Alcoholics Anonymous support-groups

The Start Of Alcoholics Anonymous

Recovering alcoholics have benefitted from the support provided by Alcoholics Anonymous for many years. Alcoholics Anonymous was founded in 1935 by Bill Wilson and Dr. Bob Smith both of whom were alcoholics, aiming to encourage others to quit and remain sober. The two founders compiled the twelve steps to direct AA meetings; later they introduced the 12 traditions to help better define the aims of the group. The 12 Steps are still followed, and many recovered alcoholics say belonging to an AA group saw them through the recovery journey.

There are more than 50,000 AA groups in America alone and over 2 million members in the world.

What The AA Meeting Entails

It can be extremely intimidating and uncomfortable to come to a conclusion to attend an AA meeting, especially for individuals who have no idea about what to expect. Opening up about your condition to people that you have just met is always the hard part for the new members. This feeling is felt by most of the people you'll encounter in the meetings. The founders of the AA were themselves alcoholics and the groups follow the original model to this day. Sharing a common experience of being alcoholics is what makes AA successful in its objective and mission.

All attendees of the group will be welcomed with open arms during an AA meeting. The best way to recover is through opening up about your journey but it is not mandatory to speak in the meetings. AA realises that there are people who feel uncomfortable when sharing info about private matters during their first visit. During the meetings, the people present will openly discuss various issues about their lives and this helps many of them to find peace.

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What Are Closed And Open Meetings

Only the people that are struggling with alcohol addiction are the ones allowed to attend the closed meetings in AA.

The family and people close to the recovering alcoholic are allowed to attend the open meetings. You have the option of deciding whether you want to attend a closed meeting or an open meeting depending on your comfort level within the organisation. For some people, it is preferable to separate their normal lives from their recovery. These meetings can provide alcoholics the support needed by their loved ones and many are known to gain from this benefit.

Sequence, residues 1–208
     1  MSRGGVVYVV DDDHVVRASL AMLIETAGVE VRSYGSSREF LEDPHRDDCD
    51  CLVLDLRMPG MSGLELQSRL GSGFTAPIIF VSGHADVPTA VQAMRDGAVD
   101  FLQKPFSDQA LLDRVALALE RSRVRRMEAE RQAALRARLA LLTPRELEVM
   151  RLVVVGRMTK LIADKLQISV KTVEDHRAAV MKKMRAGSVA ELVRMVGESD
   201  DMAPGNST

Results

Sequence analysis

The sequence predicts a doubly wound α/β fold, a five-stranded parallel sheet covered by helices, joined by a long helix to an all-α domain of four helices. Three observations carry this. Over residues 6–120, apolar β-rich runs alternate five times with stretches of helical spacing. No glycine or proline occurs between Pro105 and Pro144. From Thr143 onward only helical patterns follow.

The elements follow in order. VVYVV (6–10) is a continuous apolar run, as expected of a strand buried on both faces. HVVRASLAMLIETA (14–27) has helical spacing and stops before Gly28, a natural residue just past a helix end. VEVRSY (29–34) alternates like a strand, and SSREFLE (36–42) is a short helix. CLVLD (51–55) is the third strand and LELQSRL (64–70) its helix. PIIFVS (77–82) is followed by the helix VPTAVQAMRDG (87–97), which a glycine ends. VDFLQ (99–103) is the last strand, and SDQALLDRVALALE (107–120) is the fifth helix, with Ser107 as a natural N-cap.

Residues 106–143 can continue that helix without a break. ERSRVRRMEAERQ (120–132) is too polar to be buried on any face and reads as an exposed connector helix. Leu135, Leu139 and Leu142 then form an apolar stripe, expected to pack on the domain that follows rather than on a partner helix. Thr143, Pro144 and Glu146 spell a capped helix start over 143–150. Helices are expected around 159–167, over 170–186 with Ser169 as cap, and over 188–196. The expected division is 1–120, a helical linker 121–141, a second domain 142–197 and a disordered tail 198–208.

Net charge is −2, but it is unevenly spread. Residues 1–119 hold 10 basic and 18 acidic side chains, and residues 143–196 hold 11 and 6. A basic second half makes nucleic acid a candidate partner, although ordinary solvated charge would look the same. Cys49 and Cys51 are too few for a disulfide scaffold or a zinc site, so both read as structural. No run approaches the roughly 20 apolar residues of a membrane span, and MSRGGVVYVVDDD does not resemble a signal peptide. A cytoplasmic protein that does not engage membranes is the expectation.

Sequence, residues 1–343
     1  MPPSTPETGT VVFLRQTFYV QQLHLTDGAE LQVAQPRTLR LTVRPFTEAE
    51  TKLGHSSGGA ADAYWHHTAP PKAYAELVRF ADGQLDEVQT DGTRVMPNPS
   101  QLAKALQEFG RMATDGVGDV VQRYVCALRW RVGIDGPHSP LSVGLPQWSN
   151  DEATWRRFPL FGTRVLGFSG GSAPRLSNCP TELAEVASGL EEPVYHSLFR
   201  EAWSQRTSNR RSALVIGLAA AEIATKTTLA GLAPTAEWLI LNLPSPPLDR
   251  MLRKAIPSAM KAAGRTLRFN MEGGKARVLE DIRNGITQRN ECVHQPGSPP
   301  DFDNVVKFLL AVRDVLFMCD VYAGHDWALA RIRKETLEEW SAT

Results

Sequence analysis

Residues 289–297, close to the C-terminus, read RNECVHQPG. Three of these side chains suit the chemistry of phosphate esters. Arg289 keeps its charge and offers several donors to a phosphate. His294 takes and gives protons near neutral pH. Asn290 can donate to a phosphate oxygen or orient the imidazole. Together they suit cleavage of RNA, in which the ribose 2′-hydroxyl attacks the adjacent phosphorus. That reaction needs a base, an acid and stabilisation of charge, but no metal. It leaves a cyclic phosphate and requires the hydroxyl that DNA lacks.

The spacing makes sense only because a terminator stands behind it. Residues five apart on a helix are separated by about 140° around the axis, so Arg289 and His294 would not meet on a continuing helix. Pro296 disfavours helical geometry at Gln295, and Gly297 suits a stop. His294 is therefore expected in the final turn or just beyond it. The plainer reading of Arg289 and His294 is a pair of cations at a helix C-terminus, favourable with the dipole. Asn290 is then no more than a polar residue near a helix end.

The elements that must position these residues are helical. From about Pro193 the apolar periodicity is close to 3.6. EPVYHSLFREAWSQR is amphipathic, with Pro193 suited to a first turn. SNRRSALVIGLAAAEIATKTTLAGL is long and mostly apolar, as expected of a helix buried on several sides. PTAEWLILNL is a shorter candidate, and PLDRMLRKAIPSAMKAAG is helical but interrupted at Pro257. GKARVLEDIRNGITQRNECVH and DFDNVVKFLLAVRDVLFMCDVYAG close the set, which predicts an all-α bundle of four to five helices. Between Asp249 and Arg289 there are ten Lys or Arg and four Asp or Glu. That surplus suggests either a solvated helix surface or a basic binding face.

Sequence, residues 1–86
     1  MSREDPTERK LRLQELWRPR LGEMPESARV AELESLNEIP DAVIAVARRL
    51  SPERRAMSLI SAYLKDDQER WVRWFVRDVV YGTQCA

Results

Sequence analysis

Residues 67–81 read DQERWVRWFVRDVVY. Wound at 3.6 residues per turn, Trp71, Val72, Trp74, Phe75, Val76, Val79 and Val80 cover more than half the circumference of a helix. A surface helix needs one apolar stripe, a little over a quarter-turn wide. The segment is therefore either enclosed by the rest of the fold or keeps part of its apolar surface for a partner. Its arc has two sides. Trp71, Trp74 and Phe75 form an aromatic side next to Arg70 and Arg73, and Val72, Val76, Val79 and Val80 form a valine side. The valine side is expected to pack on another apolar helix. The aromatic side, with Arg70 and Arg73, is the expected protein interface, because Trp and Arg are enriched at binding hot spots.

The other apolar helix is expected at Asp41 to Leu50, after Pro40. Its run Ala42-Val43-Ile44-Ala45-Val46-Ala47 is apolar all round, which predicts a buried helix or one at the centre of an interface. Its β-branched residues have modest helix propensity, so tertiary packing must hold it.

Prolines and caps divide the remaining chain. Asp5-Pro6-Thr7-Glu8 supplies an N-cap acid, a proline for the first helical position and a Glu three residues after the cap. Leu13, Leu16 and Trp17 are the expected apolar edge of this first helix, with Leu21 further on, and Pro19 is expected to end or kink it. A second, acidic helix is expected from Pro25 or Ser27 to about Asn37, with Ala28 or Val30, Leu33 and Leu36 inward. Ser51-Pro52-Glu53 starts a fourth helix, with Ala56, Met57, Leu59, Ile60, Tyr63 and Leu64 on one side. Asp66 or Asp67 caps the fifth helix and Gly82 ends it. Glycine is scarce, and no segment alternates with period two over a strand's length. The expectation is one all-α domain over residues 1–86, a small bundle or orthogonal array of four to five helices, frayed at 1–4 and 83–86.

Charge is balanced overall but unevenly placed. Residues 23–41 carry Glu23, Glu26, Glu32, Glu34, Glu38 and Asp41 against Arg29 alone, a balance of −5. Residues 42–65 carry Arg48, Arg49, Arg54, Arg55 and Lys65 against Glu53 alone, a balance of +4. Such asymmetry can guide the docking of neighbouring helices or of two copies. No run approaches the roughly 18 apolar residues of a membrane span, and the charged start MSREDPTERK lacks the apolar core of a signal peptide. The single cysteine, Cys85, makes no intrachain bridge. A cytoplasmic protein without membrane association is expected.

AA 12 Steps

These 12 Steps have been the backbone of the AA meetings. These steps are written one after another, but group members realise that in fact they go in a circle. The member needs to be comfortable with every step before they can move to the next stage.

Admitting that you have a problem and accepting that you need assistance is the first step. Further steps include the following making a firm decision to quit; admitting all your wrongs to yourself and others; making amends for all wrongdoings; and commitment to permanent improvement. To find out more about the 12 steps, go here.

Common Reasons For Not Attending AA

Most people are not comfortable with attending a meeting with AA and therefore, come up with reasons not to attend. Most of the times, people avoid these meetings because

  • They are not convinced the meetings can help them
  • They fear running into a person who knows them
  • They haven't seen their alcoholism as a problem yet

These arguments may seem meaningful to somebody who is already in doubt about attending a meeting; however, you should keep in mind why you were considering going there in the first place.

At the end of the day, if you believe there's a problem with your drinking, you are right. You will definitely overcome your addiction to alcohol when you commit yourself to attending these AA meetings without missing.

How To Find An Alcoholic Anonymous Group

No matter where you live, there certainly is an AA group nearby. Most of such groups meet on an ongoing basis, so you needn't wait long for the nearest meeting. You should make a decision about whether you want to attend an open or closed meeting and also choose the location you have in mind, and you will definitely find one online through our meeting finder. If you're looking for an AA group, we can assist you to find one just contact 0800 772 3971.